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Dynamic Chiropractic – January 30, 1995, Vol. 13, Issue 03

Achieving Public Awareness around the World

By Donald M. Petersen Jr., BS, HCD(hc), FICC(h), Publisher
There are many different ways of making yourself known: You can do something that is amazingly good; you can do something that is shockingly bad; or do something that is notably different or special.

You're not only known by what you do, but by the people with whom you choose to do it. In a sense, the world knows you in the simplest terms: what everyone sees and hears.

By having our own float in the Tournament of Roses Parade, the chiropractic profession made the world stand up and take notice. We joined companies like Honda, Disney, Farmers Insurance, Delta Airlines, Kodak, FTD, and Arco. Our chiropractic float was received with the same warm enthusiasm as every other organization's float.

Both the television announcers and the public saw chiropractic as one of the many organizations that bring important products and services to our lives. There was no chiropractor-bashing, no crude jokes -- our float was one of the most popular floats in the parade.

We not only told the world that chiropractic was a century old, we presented an image -- that of being a well-established profession, an image of being a part of the health care of the best athletes in the world.

One of the most important aspects of this effort was the unity that made it happen. The float does not represent one organization or one philosophy. It belongs to all of us. The Chiropractic Centennial Foundation's members include all North American chiropractic colleges, all major national organizations (including both the ACA and the ICA), most state associations, and many national associations around the world. This is your float as much as it is anyone else's.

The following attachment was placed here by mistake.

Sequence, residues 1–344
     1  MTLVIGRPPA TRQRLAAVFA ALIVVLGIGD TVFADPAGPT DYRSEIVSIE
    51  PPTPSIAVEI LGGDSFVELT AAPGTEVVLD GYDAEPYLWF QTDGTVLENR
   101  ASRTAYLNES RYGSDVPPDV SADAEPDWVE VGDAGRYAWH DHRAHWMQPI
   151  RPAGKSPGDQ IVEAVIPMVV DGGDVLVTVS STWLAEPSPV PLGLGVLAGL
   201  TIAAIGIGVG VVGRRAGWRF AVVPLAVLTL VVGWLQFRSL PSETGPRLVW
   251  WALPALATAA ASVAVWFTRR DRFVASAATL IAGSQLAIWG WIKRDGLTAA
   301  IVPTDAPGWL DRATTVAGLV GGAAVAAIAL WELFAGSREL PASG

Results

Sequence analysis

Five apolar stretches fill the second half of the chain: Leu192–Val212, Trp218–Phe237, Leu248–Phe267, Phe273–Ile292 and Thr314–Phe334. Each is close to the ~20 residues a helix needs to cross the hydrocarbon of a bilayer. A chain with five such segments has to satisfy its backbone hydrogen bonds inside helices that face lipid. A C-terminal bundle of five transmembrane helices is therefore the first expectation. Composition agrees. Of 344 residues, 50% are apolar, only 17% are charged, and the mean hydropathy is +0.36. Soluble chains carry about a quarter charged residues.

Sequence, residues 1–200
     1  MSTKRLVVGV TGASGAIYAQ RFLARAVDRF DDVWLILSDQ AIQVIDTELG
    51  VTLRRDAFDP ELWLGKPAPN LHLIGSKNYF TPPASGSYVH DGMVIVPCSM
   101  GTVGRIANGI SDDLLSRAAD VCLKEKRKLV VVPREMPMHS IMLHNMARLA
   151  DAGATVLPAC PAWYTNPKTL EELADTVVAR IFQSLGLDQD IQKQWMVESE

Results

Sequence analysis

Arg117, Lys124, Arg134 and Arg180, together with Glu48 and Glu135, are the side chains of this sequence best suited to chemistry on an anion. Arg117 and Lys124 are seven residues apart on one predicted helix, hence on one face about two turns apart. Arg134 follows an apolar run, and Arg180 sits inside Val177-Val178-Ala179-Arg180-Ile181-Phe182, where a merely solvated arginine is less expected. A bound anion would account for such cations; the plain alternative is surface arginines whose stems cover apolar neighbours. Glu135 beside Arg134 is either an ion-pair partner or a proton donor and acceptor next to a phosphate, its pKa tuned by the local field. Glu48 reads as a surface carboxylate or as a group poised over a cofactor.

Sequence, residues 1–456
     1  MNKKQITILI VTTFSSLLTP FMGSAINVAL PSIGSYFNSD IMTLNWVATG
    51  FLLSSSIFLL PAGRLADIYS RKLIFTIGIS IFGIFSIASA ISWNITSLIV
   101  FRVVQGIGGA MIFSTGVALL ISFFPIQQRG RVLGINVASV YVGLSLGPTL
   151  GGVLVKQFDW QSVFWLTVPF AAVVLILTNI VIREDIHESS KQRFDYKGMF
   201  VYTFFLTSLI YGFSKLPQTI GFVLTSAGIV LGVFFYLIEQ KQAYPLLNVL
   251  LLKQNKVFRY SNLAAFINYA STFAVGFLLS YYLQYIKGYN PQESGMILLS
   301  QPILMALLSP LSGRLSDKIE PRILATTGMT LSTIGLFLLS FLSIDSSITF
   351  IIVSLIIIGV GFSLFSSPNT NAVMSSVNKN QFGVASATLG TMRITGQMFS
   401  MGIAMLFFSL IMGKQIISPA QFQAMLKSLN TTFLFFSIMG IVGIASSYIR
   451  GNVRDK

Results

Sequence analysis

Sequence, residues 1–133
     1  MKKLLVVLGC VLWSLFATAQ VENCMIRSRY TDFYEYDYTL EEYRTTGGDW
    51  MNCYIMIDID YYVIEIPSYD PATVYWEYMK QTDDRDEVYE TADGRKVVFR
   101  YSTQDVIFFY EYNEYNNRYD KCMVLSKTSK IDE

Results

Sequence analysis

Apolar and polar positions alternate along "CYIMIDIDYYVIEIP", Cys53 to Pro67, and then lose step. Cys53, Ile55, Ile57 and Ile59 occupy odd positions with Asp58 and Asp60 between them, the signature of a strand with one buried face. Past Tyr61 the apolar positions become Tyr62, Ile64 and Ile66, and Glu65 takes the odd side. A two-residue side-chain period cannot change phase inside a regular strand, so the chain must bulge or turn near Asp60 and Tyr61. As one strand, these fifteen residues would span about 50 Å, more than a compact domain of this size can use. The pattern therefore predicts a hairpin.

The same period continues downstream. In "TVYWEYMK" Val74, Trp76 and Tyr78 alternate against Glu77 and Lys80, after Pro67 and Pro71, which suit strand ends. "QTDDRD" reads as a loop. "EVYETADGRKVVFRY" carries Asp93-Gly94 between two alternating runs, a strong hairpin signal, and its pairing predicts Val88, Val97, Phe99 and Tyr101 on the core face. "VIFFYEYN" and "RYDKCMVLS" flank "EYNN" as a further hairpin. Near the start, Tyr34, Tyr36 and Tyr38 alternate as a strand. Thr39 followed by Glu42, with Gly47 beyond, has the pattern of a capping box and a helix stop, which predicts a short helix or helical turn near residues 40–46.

Doctors have related the enthusiasm of their patients who watched with pride as the chiropractic eagle rolled down Colorado Boulevard. Think of the conversations between chiropractic patients and their friends. Our float not only set a whole new tone for the media, it gave our patient/advocates a new foundation.

But this is not the end!

Two days before the Rose Parade, the Chiropractic Centennial Board of Trustees approved a marketing program that includes the production of a national television documentary, television commercials, and print advertising. While the Rose Parade gave chiropractic access to 450 million people, we didn't get to tell people all they need to know.

This is the next step, telling our own story. To do this, we must produce both quality advertising AND pay to have it presented to the public. We must buy the necessary television air time and newspaper space.

While this will not be cheap, it is quite affordable if we all pitch in. It WILL directly benefit the growth of your practice.

Be watching over the next few months. You will have the opportunity to join Chiropractic Advertising Pools in your area. These will be groups of DCs who utilize advertising material produced by the Chiropractic Centennial Foundation to advertise chiropractic in their local community.

There are many aspects to creating public awareness. The ideal way to educate the public would be to sit down with each person and tell them about chiropractic. While this should be standard procedure for your patients, every person in the world needs chiropractic.

This could be the beginning of a new era in health care. The federal government is already recommending chiropractic before considering surgery. Isn't it time people seek chiropractic first instead of choosing it as a last resort?

DMP Jr., BS, HCD(hc)

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